Finding Commonalities and Solutions With Decision-Makers

Training Modules

To support you in working through this guide and putting the archetypes, nonpolarizing communication and messages into practice, we offer short training modules. Use these at your own pace and come back for refreshers when you need. Use the workbook below as you watch the modules.

Module 1: Introduction to the Guide and Overview of the Training Modules (5 min)

Finding common ground and win-win solutions in policy negotiation is an art that blends close listening, two-way conversations and meaningful relationships of trust built over time. Voices for Healthy Kids offers this resource as part of the services we provide to empower advocates and drive for meaningful policy change in every state. We hope it helps open the space to advance policies that benefit all families, babies and young children. 

Module 2: Archetype Overview (10 min)

This guide identifies four conservative decision-making styles. We call these archetypes, typical examples of a person or group. Our commitment is to do this work without stereotypes or judgment; instead, we use a nonpolarizing communication style to more deeply understand the feelings, needs and core values within each archetype to help you find shared understanding and advance productive debate. 

Module 3: Church & Country (5 min)

Decision-makers who are guided by faith, and who feel loyalty and respect for chosen leaders, represent the conservative Church and Country archetype.

Module 4: Economic Influenced (5 min)

Highly educated, financially secure decision-makers who prioritize the economy and business strength, and favor limited government, represent the Economic Influenced archetype. 

Module 5: Legacy Republican (5 min)

Decision-makers driven by traditional values — hard work, a two-parent household and the American Dream — represent the Legacy Republican archetype. 

Module 6: Populist-Aligned (5 min)

Decision-makers who value individuals making efforts to advance themselves without outside help or government spending, and are led by constitutional ideals, represent the Populist-Aligned archetype. 

Module 7: Hidden Feelings (30 min) and add-on The Role of Trauma (7 min)

Much of our nonpolarizing language strategy is grounded in the principles of a field called nonviolent communication, which focuses on underlying needs and feelings to get to the heart of the issue and build mutual understanding from the ground up. As you deepen your understanding of the archetypes and the specific people you’re meeting with, you will also benefit from deeper insights about the other person in the conversation: you. Getting clear about your stances, values, needs and feelings can help you feel grounded and ready for a two-way dialogue. Think of it as creating your own archetype! This practice is important and requires appropriate mentorship. We are offering resources for advocates to begin their learning and practice, and strongly suggest supplemental coaching and/or peer support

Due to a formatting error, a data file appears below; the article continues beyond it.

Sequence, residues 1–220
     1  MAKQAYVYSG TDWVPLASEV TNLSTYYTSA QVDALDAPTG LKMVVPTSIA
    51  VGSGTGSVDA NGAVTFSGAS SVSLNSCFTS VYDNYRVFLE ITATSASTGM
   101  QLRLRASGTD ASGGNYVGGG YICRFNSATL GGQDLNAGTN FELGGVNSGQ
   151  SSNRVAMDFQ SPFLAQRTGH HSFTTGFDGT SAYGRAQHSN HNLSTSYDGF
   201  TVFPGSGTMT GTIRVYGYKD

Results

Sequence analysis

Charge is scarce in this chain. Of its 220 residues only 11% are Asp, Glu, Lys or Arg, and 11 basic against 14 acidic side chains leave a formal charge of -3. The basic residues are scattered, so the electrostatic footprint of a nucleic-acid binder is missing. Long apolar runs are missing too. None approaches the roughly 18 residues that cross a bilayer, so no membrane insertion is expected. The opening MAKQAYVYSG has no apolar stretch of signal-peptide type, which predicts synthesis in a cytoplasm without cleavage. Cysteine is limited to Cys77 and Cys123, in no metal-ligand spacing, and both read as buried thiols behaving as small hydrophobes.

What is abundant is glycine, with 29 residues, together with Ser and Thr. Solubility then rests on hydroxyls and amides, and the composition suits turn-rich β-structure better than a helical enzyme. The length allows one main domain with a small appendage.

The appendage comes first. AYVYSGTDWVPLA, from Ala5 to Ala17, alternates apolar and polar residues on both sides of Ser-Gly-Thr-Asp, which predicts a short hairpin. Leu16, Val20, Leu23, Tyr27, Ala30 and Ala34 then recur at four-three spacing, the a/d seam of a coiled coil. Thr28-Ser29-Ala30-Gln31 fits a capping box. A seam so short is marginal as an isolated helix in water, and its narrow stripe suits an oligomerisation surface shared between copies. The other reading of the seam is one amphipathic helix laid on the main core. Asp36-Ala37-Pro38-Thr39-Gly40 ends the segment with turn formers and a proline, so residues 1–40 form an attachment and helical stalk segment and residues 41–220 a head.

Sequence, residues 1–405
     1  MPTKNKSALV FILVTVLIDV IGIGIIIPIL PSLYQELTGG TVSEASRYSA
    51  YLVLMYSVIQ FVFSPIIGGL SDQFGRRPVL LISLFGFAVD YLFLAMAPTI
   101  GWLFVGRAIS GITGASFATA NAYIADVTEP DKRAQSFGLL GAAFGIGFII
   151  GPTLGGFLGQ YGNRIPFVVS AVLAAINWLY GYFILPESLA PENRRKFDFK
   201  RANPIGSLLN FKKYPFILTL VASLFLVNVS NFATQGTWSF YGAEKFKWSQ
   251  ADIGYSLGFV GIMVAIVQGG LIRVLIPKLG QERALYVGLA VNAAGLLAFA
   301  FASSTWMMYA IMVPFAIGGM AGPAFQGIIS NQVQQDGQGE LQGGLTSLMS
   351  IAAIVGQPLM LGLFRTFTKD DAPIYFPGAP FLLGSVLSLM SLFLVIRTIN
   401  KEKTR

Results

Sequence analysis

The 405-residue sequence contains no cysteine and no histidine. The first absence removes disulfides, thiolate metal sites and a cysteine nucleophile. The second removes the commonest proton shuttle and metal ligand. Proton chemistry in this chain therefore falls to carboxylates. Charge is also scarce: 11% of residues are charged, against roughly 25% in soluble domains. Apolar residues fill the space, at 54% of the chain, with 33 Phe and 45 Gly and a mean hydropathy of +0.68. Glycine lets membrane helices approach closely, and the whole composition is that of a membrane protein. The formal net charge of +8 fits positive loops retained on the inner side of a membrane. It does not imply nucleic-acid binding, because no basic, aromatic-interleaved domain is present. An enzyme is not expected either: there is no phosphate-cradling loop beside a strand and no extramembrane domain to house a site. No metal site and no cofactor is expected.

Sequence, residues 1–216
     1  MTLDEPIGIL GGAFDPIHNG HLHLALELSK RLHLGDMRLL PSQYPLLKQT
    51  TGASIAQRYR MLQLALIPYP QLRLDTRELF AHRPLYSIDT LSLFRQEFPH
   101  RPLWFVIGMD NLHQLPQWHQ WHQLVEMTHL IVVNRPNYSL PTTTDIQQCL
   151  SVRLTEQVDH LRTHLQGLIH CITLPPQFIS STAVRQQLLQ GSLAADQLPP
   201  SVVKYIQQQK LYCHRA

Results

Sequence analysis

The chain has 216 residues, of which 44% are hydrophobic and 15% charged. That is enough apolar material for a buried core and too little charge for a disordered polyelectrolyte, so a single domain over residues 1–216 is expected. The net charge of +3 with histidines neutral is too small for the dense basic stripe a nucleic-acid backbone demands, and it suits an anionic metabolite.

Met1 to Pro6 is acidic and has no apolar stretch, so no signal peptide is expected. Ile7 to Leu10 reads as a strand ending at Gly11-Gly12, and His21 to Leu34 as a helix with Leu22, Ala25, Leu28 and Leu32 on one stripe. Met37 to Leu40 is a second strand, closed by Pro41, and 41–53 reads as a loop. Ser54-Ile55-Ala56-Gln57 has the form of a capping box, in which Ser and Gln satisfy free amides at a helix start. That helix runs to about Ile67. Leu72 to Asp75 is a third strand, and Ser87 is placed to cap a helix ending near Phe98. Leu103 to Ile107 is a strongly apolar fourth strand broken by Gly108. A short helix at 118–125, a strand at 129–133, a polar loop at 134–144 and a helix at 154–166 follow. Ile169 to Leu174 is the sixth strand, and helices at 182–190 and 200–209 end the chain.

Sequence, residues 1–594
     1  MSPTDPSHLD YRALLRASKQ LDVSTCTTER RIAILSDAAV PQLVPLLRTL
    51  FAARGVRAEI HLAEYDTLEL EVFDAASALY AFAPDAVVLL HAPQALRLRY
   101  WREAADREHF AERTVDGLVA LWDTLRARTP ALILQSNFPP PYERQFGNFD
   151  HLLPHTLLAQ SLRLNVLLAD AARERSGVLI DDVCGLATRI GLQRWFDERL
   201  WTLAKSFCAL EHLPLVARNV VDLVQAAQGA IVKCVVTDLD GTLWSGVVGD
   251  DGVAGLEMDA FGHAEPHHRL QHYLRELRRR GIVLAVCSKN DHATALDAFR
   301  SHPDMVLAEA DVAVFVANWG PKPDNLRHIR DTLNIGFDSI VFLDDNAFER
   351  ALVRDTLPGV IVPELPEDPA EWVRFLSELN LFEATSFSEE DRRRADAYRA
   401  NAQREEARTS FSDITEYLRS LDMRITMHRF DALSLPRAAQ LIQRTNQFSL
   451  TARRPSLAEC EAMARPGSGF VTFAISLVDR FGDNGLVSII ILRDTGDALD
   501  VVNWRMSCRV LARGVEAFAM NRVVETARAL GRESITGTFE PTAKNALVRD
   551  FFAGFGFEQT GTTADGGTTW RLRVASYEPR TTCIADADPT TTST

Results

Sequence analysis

Module 8: PN-3 Messages for the Archetypes (10 min)

The PN-3 core message frame is grounded in values and built from elements of existing tested messaging, adapted based on the decision-maker interviews and other insights from this research. You can augment this with policy- or issue-specific messages, tailored to align with the archetype characteristics. 

Module 9: Local Decision-Making Messages for the Archetypes (10 min)

The core message frame for talking about the benefits of local decision making is similarly grounded in values and informed by decision-maker interviews and other insights from this research. You can augment this with policy- or issue-specific messages, tailored to align with the archetype characteristics. 

Putting it All Together!

Above all, this is a guide to productive conversation, not merely a message guide. Conversation—including listening and seeking to find shared values—is essential in creating connections across lived experiences and perspectives. Your instinct may be to say “I know we disagree, but…” and then launch into your case for policy change. But decision-makers suggest you look first for opportunities to collaborate rather than starting with why you disagree. These conversations aren’t always easy; please refer to Creating Shared Space For Productive Conversations for tips on preparing yourself for a conversation where both parties’ needs and feelings are honored.

If you’d like further support, check our upcoming and recorded trainings to find live workshops based on this guide and approach.


These trainings will be presented by Voices for Healthy Kids and the project team from Metropolitan Group, a social impact firm focused on public health and social justice. The MG team conducted the research for this project, and works with other nonprofit organizations, public agencies and foundations to understand how to talk about, advocate for and advance racial and health equity, especially across geographic and ideological divides.

This link is provided for convenience only and is not an endorsement of either the linked-to entity or any product or service.